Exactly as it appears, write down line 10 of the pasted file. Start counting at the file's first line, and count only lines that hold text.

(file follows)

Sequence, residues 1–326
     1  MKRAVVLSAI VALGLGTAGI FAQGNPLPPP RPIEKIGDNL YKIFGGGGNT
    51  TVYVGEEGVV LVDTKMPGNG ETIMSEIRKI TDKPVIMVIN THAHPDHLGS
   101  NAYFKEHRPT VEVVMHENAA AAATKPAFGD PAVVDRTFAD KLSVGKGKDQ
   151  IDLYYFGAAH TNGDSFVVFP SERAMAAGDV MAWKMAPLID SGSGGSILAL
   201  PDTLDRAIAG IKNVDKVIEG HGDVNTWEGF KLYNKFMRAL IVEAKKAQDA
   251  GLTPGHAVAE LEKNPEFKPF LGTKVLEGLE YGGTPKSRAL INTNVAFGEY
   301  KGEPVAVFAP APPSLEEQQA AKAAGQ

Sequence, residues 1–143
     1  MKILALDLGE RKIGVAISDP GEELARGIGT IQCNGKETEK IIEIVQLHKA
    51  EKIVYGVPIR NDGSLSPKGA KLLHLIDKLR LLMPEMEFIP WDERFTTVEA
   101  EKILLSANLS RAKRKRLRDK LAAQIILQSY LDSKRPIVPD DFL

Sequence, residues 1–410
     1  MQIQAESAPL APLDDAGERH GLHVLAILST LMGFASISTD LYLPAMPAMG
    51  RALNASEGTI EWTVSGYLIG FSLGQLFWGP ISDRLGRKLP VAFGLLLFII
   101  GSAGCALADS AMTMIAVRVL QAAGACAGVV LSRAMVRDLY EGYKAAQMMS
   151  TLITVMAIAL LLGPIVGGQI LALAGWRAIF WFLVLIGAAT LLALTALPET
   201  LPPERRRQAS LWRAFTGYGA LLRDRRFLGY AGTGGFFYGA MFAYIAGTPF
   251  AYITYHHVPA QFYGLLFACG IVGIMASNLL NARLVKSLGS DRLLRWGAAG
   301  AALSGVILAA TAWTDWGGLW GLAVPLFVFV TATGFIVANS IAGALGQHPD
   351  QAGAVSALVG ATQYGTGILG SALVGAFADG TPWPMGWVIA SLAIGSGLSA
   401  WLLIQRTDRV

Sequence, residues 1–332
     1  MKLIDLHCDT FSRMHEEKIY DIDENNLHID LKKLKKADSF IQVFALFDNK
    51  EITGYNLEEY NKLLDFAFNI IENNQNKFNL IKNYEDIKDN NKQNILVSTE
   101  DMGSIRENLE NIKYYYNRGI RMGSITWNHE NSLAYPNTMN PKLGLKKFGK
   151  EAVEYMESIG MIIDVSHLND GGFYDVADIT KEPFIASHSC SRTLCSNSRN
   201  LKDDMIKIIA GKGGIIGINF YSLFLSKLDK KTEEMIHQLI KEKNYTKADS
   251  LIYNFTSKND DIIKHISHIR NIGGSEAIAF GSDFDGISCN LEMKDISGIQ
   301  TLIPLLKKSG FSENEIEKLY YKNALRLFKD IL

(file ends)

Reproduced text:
     1  MKILALDLGE RKIGVAISDP GEELARGIGT IQCNGKETEK IIEIVQLHKA